Last year, the American Southwest was amid a drought so severe, it left some questioning the logistics behind maintaining such sprawling cities in such an arid region. Residents of California and surrounding states looked to the skies in shared hope; without a significant increase in rainfall, their homes and ways of life would face dramatic changes. Then, as though the heavens chose to answer the pleas of California residents, the skies began to open up and reservoirs and basins filled once more. But the skies didn’t stop, and on Monday, the Department of Defense announced that they are prepared to assist in evacuation and rescue operations in Northern California as a failing dam struggles to restrain the immense amount of water threatening its surrounding community.
“The dam is failing, and evacuation orders have been given to close to 200,000 people in the area,” Navy Captain Jeff Davis said in an announcement on Monday. “While the [water] depths are reported to be decreasing, we do note that rain is expected later this week.”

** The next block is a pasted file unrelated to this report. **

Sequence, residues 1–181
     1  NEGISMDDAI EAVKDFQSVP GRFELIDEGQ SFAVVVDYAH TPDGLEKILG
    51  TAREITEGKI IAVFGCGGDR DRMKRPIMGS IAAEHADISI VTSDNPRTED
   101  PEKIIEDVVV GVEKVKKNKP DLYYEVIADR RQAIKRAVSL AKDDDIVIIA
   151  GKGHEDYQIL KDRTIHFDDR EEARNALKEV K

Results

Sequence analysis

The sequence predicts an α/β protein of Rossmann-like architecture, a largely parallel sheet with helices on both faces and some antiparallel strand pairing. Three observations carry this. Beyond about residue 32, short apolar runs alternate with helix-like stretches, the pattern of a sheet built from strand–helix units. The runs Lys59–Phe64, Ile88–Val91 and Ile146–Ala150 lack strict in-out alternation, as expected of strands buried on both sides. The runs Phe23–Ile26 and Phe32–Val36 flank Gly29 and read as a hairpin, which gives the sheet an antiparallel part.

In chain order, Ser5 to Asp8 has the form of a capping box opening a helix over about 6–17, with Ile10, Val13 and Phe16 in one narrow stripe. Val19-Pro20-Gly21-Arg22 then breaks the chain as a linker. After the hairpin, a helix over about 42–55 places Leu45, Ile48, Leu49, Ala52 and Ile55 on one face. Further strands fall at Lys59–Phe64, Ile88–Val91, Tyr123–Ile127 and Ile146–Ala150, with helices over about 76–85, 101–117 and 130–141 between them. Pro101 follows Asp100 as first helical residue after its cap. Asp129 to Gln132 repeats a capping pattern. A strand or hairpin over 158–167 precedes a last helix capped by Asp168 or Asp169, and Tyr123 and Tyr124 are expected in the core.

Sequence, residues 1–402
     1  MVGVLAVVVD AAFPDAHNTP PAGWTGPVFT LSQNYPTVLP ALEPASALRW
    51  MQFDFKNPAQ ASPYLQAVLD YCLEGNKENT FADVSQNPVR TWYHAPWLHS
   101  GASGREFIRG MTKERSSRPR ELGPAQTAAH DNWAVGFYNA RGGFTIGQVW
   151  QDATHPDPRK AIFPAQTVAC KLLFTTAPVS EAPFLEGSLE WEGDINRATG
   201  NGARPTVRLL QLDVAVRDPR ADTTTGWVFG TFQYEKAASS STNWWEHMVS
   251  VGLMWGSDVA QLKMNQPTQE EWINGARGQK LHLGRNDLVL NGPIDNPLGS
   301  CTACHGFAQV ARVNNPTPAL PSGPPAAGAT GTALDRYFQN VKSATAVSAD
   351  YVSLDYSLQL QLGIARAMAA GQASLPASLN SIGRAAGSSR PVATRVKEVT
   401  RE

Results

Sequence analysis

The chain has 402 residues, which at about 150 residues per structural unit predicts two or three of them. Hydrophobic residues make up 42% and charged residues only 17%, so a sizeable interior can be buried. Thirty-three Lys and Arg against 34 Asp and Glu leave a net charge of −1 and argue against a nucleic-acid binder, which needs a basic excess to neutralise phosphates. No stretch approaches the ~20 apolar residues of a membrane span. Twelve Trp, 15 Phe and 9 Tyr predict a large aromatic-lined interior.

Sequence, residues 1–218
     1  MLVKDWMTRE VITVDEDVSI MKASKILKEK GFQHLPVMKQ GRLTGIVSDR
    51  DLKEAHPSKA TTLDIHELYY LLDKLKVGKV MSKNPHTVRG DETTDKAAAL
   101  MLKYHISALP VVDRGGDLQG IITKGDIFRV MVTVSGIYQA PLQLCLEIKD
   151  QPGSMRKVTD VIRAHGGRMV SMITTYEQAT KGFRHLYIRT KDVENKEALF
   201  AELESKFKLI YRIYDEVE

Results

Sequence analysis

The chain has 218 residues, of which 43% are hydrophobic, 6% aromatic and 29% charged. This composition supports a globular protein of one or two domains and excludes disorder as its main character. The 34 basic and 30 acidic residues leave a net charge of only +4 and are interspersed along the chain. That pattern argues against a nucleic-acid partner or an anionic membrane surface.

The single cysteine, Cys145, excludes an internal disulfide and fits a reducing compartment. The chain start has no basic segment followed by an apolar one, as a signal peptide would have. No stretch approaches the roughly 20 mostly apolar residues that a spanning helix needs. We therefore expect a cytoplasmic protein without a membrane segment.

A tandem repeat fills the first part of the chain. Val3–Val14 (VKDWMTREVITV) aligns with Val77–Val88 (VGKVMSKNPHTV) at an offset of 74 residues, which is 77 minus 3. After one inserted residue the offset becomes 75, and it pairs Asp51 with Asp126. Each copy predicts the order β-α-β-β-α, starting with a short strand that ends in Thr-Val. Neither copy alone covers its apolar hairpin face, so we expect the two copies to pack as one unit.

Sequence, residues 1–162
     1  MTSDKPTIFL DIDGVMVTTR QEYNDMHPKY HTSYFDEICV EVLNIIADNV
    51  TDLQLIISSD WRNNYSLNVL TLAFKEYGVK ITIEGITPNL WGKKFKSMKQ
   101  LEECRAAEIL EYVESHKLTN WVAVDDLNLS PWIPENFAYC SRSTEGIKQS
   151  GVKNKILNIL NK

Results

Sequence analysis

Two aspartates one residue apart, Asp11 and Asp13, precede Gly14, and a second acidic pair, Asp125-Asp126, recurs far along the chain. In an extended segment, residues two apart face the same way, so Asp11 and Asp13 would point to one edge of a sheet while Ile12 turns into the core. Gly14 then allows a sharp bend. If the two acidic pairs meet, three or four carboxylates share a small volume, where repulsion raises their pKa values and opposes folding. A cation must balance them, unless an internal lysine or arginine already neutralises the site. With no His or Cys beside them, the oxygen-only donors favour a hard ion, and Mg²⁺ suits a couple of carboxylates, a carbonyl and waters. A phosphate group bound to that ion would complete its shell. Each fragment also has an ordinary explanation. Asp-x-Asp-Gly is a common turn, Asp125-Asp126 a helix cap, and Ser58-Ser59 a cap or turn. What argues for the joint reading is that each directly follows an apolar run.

According to Davis, who serves as a spokesman for the Defense Department, the U.S. Northern Command (NorthCom) is coordinating with the California National Guard and the Federal Emergency Management Agency (FEMA) in preparation for the possibility of a serious dam failure that could place the lives of hundreds of thousands of Americans in danger.
The Oroville Dam, the tallest such structure in the United States, continues to hold, but its emergency spillway suffered serious damage only identified last week. The damaged spillway prompted an immediate evacuation order for cities and counties surrounding Lake Oroville. A complete failure of the dam could result in a wall of water, thirty feet high, cascading down the river bed and through surrounding communities.